Experimenting and exploring

 

We are in our third year as a community and as part of our passion for experimentation we spent 8 months last year experimenting with different styles of governance. Community governance refers to the processing for making all the decisions and plans that affect and govern life in the community. For community governance to be effective, it must be about more than simply process, we believe it must also be about getting things done in the community. 

 

A little history..

embassy sf

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Our community was born in August 2012. We began our days with a somewhat democratic process. After just a short while we realized that this lead to high levels of bureaucracy, took huge amounts of time, in the form of meetings and discussions on every small detail, and that despite this effort, people often weren't fully satisfied with the outcomes. We rapidly evolved our governance system to a Embassy style do-ocracy, and that is how we've remained for the majority of our time as a community. Early last year we committed to running a series of experiments where we chose to live under a range of difference governance structures to see what we could learn about each one, and also what we could learning about the learning process itself! The initial discussion around this was an energetic one - what do we set the goals for each governance system to be, what do we want to incentiveze, what structures should we choose, what issues can each governance system control in the house and so on.  Each month we focused our outward facing events to mirror the governance structure that we were living under, we collected data from residents and guests on how they felt, we had feedback meetings and we allowed our structures to evolve according to those discussions. It was fun, it was messy, it was enlightening! Here we share our experiences with you.

Setting up the experiments

 

As a group, we'd been interested in experimenting with forms of governance for a long time. Finally on one weekend in 2013, we went away for a weekend working retreat, and there we finally agreed that this was to be one of our house goals for the year. For over 24 hours we sat and plotting and planned. We discussed which systems interested us and why, what the point of this exploration of governance structures was, what kind of data we could collect, what we'd do with the data and so on. There was much enthusiasm, and perhaps even more skepticism. This data was going to be messy. What we were even trying to do? Was this just a game or was this serious? How could we control for anything such that we could extrapolate anything useful from these experiments?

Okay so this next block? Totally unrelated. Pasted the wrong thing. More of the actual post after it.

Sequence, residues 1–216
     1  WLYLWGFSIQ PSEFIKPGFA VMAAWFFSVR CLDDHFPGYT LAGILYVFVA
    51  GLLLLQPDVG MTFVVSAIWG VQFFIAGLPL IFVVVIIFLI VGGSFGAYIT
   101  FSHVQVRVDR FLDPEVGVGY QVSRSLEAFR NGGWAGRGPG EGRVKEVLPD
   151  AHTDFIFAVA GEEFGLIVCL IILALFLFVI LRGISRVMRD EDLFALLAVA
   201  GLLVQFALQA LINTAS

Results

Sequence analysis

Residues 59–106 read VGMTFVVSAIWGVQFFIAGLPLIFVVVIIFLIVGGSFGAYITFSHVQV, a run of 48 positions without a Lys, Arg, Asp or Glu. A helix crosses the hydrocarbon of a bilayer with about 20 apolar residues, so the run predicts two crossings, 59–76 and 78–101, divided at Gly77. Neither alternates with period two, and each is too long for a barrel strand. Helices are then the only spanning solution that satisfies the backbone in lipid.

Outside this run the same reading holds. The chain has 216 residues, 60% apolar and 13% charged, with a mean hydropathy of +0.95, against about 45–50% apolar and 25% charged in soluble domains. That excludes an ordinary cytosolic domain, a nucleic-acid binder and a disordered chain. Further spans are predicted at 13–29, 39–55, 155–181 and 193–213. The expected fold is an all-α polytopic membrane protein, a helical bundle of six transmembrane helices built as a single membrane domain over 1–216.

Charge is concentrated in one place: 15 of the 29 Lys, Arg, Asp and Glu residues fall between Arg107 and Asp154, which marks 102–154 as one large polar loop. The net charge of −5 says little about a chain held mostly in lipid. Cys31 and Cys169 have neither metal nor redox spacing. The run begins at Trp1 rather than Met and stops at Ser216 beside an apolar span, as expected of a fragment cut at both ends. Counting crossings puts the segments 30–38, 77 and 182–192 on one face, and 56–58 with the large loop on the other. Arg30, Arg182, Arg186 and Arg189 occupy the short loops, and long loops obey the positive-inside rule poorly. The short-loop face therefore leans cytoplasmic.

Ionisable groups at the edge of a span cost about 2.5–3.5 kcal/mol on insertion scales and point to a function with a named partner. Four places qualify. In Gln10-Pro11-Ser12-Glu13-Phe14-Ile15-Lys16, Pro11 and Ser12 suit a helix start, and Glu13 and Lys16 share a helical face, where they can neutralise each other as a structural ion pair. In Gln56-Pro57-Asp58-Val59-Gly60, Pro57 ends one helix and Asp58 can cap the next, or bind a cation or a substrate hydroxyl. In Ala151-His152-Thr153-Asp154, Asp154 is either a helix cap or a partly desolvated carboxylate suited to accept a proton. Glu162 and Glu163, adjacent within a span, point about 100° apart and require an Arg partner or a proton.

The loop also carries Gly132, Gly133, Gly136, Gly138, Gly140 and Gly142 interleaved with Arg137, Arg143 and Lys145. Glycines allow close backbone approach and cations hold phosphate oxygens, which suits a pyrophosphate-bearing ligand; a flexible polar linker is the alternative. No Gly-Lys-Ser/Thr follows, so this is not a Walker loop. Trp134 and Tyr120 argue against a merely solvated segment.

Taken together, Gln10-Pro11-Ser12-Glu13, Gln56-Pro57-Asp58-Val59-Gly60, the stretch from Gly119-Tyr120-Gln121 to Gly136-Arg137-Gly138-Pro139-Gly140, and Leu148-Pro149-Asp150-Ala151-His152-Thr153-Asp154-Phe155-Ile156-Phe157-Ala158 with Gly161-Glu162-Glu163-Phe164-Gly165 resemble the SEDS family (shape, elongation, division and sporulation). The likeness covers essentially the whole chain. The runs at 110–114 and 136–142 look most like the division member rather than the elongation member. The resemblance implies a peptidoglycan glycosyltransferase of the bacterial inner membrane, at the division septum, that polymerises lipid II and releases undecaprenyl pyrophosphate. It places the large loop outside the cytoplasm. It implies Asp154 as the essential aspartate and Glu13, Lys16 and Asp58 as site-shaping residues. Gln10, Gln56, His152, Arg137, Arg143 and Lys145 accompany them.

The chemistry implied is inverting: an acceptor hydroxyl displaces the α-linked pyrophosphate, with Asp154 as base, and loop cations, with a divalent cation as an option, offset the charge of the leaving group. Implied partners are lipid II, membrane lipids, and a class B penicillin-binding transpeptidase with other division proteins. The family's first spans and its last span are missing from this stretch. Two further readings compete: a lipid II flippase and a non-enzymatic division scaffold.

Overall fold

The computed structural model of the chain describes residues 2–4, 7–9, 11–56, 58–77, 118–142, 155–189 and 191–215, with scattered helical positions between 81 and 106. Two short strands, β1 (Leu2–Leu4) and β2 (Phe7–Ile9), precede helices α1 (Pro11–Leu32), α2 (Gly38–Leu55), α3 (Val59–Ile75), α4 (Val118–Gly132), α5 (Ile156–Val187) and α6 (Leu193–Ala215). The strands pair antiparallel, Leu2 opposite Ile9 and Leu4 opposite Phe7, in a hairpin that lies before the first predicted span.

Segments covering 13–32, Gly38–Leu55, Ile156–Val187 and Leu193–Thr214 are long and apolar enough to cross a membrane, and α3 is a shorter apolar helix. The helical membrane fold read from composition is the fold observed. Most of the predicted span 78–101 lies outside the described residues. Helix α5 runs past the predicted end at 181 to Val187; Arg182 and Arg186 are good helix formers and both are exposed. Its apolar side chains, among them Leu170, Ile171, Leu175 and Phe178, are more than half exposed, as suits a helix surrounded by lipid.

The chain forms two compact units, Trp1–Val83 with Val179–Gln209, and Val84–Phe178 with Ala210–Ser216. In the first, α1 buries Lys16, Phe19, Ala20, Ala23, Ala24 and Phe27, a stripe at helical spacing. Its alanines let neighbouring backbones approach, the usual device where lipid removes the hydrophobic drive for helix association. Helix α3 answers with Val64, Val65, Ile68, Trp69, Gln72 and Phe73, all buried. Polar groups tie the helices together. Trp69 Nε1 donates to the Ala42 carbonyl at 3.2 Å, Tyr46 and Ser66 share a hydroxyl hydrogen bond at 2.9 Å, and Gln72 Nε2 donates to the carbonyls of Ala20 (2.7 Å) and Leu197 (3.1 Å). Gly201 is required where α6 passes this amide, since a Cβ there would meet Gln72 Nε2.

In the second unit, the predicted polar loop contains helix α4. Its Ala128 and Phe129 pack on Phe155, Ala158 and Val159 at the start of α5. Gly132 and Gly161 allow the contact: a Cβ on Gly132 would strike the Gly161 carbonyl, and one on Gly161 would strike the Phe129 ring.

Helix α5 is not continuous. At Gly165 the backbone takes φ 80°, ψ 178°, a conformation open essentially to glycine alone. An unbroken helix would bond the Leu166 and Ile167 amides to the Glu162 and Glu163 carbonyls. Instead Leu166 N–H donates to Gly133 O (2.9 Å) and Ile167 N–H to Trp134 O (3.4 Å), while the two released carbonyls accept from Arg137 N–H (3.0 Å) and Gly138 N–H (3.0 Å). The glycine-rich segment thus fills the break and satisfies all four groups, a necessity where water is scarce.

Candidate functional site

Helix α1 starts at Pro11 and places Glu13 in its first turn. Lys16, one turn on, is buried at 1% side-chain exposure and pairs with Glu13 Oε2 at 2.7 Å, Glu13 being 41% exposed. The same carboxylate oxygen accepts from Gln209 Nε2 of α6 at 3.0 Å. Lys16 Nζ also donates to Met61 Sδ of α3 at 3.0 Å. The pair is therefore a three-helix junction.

In the end, curiosity won over skepticism. And so we began! We agreed to put a small amount of money into the pot each month to be used by each system should it need it. We agreed what things each governance system could change and what it could not. What hours of the day it would apply to us. What goals we wanted the systems to optimize for. We made a plan. 


THE STEPS

1. RECRUITMENT

We decided to recruit a live-in political scientist to help us with the day to day running of the experiment. We created and posted an advert to the political science departments at Berkeley and Stanford. Two months later we had our Governance Czar and we were welcoming her into the fray!

2. Designing the data collection

As a group we investigated different ways to collect data. In the end we decided on a combination of methods. We used the reported app to track out whereabouts, to ping us all a set of specific questions at random points in the day and to monitor our sleep. We installed Rescue Me, a chrome extension on our laptops in order to monitor productivity at work. Finally we built surveys, using Survey Monkey, for weekly, and monthly feedback sessions. Our amazing Governance Czar was in charge of collating the data, putting together and over seeing the meetings, and helping design the next governance system!

3. baseline data

All experiments need some baseline to which things can be compared. For us that was the do-ocracy. For our baseline, we decided to revamp our slumping do-ocracy and live under that for one month whilst we collected our baseline data, and learnt a little about how much (or little as the case may be) people will engage in active data collection. 

4. Feedback from the first month

 

5. deciding on the next system

 

6. learning about learning

 

7. close

 

 

 

 

 

 

 

Goverance structures

 

After much debate, it was decided that our governance structures should work to optimize three factors: 

1. Personal happiness of citizens

2. Productivity of citizens

3. Community strengthening (internal and external to our home)

The rules

Each governance structure has dominion over the following issues: -

  1. Food purchasing

  2. Use of the allotted monthly budget 

  3. Alcohol

  4. Utilities (cleaner, gardener, getting things fixed in the home)

  5. Use of language in the house

  6. Allocation of all shared space in the house

  7. Delegation of small chores

  8. Total control of house events, and the nature of those events (e.g. their theme)

  9. Some minimum amount of time from each citizen can be directed by the system

  10. Policies on guests and visitors

Things that are outside the scope of the governance structures: - 

  1. Delegation of large chores

  2. Ejecting and accepting guests

  3. Significantly altering resident's lives outside of the house

  4. Private space allocation (i.e. bedrooms)
  5. Acceptance or removal of long term residents. 
  6. The above rules only apply whilst residents are in the house.